What's black, white and red all over? A Frank Miller film.
I have to admit I'm not a Frank Miller fan, and while his earlier, 80s works had merit (he did help set Batman on the 'dark' path after all) his later projects have shown a self-indulgence that leaves many cold. I had the misfortune of bumping into his version of 'The Spirit' the other night. I say without any hyperbole that it's an awful film (I think it's worse than 'Batman and Robin', but I realise that's a hotly contested title), because it takes everything that makes 'The Spirit' a fun and exciting read and forces it through Miller's grim, noirish 'Sin City colour scheme sieve'. And while that works for gritty source material like his 'Sin City', it doesn't for the more light-hearted Spirit. It's weirdly dark when it shouldn't be, in terms of tone and visuals and most of the time makes no sense (why does Samuel L. Jackson's character The Octopus dress up as a Nazi at one point?). Above all, it made me wonder if that's how Frank Miller sees everything - harsh, noir-ish and gritty monochrome with dashes of blood red here and there. If so, the world must be a terrifying place when seen through his eyes...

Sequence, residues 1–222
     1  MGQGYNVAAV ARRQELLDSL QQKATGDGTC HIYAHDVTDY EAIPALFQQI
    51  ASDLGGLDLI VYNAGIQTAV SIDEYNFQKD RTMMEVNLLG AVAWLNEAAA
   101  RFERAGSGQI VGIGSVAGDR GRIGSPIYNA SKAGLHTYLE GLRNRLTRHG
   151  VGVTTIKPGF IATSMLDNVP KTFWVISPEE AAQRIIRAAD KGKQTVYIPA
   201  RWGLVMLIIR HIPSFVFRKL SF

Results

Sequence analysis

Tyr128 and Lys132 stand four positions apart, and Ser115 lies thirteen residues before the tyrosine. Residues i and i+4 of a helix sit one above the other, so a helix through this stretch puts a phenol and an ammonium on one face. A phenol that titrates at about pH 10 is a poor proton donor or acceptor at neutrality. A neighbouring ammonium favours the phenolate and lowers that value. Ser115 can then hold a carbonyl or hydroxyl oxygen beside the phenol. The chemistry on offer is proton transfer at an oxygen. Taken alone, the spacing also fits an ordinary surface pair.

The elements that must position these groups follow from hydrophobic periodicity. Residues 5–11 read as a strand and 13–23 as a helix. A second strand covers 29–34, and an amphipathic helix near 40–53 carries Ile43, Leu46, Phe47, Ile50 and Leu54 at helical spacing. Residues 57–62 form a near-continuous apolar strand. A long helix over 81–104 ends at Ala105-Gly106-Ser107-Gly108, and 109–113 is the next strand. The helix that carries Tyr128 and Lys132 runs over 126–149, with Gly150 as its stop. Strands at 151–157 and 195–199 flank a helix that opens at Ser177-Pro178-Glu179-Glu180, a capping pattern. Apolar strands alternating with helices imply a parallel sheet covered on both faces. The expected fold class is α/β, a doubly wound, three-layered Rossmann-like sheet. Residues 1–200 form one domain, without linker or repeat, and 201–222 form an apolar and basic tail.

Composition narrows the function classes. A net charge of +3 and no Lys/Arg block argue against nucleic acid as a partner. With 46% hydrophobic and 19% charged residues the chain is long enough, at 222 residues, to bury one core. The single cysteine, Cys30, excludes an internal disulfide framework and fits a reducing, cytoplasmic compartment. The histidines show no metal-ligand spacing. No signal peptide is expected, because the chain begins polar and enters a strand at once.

As an aside, if anyone should have had a hand in the making of a Spirit movie it should have been (my perennial favourite, as Chris will certainly attest to) Darwyn Cooke, whose 12 issue run on 'The Spirit' really is a must read. Not only are each of the self-contained stories well-crafted, fun and often satirical, but the artwork is superb (see here, here, here, here and here to feast your eyes on it). No black and white weirdness there.